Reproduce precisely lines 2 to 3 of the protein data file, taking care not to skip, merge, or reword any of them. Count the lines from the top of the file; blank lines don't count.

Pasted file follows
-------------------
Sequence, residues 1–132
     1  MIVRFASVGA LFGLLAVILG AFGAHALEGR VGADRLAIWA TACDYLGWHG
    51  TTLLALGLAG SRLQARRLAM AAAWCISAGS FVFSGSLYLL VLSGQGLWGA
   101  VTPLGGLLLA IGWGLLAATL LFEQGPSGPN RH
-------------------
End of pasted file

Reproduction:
     1  MIVRFASVGA LFGLLAVILG AFGAHALEGR VGADRLAIWA TACDYLGWHG
    51  TTLLALGLAG SRLQARRLAM AAAWCISAGS FVFSGSLYLL VLSGQGLWGA